Christ Loves Creatures,
A thesis by: Norma Carol
- Edited Internet Edition -
PUTTING THINGS INTO PERSPECTIVE
The question may now be asked: "Where is the line drawn between humans and animals as well as use and care?" An attempt is going to be made to answer as simply as possible by demonstrating whom mankind is in the eyes of God and who animals are to Him. To be biblical, our differences are to be looked at in this manner, a condition of purpose of life as opposed to intelligence, as some may query.
Humans are "a little lower than the angels;…crowned…with glory" (Hebrews 8:5, ref. Psalm 8:5). Believers have accepted and received his grace (2 Corinthians 8:9). Most importantly, no matter what we do, God loves us unconditionally (Isaiah 54:10).
Animals are God’s creation about whom He greatly cares: "The Lord is good to all; he has compassion on all he has made…The Lord is faithful to all his promises and loving toward all he has made" (Psalm 145: 9, 13c). He provides food for animals (Psalm 136:25) and attends their births (Job 39:1-3).
People are put in charge of the care of animals. However, use and care can intermingle. For instance, technically having pets can be considered use. We are domesticating creatures. It is not natural. Yet, in the best instances, we are providing them with comfort, nourishment, companionship, and medical care. In return, we get unconditional love, comfort, companionship, lots of laughs, and times of tears.
Animals can be used if service is within moral reasoning and compassion. The key is that there be no exploitation. A fine example is in the aftermath of September 11. At Ground Zero in New York, dogs have breaks along with their handlers, their irritated eyes are treated, and they are kept hydrated and nourished.
As previously mentioned, the Bible states we can follow a vegetarian diet or not. It must be stressed that vegetarianism is not just refraining from meat. It is a way of life. No meat means buying no leather. One cannot say he or she has so much compassion toward animals so as not to eat meat and then buy the byproducts of slaughter. Yet we cannot be purists. When we wear our plastic shoes, we need to realize that the materials most likely have been tested on animals for toxicity.
In order to get the full picture, people also need to realize that animals feel. They love, feel joy (pleasure, contentment), experience sorrow (grief), demonstrate jealousy (just try coming home late or feeding pets out of "pecking order"), have easily shattered egos, and live by a social order. Anyone who has paid proper attention to his or her pets will already know this. If animals are treated as part of the family, they truly become one. If they are treated as insignificant, they will be aware of that and their lives are mere existence. Yet the Bible tells us that all creation praises God (Psalms 19:1-4, 65:9-13, 96:11-13, 104:10-18, 148:7-12) and has hope of redemption through the resurrection of Jesus (Romans 8:18-25, Colossians 1:19, 23).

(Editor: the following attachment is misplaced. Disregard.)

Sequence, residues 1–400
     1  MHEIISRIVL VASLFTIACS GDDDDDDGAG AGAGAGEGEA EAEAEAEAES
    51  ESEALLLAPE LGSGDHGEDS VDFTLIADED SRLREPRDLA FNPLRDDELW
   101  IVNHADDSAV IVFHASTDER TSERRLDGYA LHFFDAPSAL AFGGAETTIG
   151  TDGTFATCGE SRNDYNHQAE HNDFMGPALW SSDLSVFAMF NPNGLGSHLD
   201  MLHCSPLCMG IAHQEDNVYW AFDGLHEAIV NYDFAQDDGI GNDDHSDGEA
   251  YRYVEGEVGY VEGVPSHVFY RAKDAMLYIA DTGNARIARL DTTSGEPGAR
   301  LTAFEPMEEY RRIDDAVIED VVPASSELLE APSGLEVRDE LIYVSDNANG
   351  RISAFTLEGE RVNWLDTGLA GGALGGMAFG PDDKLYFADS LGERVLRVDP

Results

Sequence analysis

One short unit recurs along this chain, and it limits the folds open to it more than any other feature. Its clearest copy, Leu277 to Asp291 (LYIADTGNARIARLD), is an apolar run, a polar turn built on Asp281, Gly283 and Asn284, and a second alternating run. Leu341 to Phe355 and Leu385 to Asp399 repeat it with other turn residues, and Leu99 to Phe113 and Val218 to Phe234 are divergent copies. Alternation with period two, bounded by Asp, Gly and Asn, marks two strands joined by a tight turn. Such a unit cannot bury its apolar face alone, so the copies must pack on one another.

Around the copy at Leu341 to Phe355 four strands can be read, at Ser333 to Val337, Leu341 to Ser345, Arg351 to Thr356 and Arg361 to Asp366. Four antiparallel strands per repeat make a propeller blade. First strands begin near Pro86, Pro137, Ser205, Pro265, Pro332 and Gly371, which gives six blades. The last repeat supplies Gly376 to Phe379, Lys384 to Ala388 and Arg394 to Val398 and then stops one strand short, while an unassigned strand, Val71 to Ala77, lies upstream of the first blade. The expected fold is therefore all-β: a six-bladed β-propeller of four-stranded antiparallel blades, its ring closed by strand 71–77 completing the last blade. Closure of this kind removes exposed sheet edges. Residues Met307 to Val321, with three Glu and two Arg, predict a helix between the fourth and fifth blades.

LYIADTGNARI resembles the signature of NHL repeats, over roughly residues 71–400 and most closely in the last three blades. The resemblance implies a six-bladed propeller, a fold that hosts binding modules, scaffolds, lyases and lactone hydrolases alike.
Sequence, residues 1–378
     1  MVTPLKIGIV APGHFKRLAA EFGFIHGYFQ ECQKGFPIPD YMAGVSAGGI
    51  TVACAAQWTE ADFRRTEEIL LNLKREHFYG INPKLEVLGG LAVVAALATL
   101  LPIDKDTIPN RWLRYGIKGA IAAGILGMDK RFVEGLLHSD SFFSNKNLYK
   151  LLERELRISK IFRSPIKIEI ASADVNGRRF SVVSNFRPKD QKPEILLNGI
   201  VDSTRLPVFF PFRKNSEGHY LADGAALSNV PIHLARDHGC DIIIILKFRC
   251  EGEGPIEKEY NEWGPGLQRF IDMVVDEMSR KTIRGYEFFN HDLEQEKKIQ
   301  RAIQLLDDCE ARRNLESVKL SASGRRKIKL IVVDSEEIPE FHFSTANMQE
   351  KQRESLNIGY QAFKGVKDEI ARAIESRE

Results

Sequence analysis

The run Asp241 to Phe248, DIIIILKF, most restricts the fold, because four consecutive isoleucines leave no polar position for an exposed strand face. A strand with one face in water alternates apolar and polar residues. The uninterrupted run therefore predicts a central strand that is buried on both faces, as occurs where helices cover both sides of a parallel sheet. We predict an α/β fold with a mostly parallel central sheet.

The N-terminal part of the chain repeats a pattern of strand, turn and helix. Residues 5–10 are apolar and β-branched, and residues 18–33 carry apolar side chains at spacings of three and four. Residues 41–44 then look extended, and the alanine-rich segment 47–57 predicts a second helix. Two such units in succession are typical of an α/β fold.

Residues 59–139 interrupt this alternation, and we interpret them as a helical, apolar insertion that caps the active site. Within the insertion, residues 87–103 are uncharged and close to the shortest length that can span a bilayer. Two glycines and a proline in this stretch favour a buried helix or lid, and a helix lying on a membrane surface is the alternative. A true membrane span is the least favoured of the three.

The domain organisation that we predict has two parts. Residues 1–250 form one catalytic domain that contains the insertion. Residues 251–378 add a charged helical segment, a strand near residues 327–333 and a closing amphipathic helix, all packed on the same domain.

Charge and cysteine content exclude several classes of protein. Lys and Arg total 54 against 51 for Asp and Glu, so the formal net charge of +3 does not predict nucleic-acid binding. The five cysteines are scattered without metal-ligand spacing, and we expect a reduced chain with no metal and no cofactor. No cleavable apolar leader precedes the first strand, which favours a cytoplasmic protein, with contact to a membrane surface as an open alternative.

What all this leads to is it is the very point that people are biblical stewards of animals. They are dependent on us. Their innocence in the scheme of it all (although some would doubt this since there is a theory that animals are responsible for their own sins) and vulnerability to humans makes the care position imperative. Even if after all the evidence given in this work, the reader is not convinced of animal eternal life, at the very least the importance of stewardship has hopefully been made.
The burden of caring for the animals of the world, both domestic and wild, is heavier than I would have chosen to bear. I am still dealing with depressing thoughts when I see how the enemy is a cancer. Yet I am grateful to God for the secular who are doing a wonderful job of protection, even though they do not realize their work is for Him. Thankfulness is given for the Christians who are forerunners and I am not alone in this.
Work to be done as explained in Chapter 3 seems monumental. Without the Father on my mind, Jesus in my heart, and the Holy Spirit as my guide, no progress could be made and no strength would be availed to accomplish any goal.
CLCt is a goal itself. Little by little it has been shaped during select courses at Palm Beach Atlantic, with this thesis as the cumulative result. However, even this thesis is not enough. What has been presented here could go on for 10 times the number of pages! Research will be never ending. Keeping current on the field needs to be a weekly effort.
All the while as each new hurdle needs to be met, and whenever strives in the right direction are accomplished, our eyes must be set on future glory. As Eaton puts it:
And those who with kindness rescue living things, wrestling from cruel powers a little world of peace, are children of the Creator, following his pattern. However much the cruel enemy swells over them, their transforming work is never overcome or blotted out. It will form a part of the joyful final transformation.62
62. Eaton, John. The Circle of Creation: Animals in the Light of the Bible. (London: SCM Press Ltd., 1995), 68.
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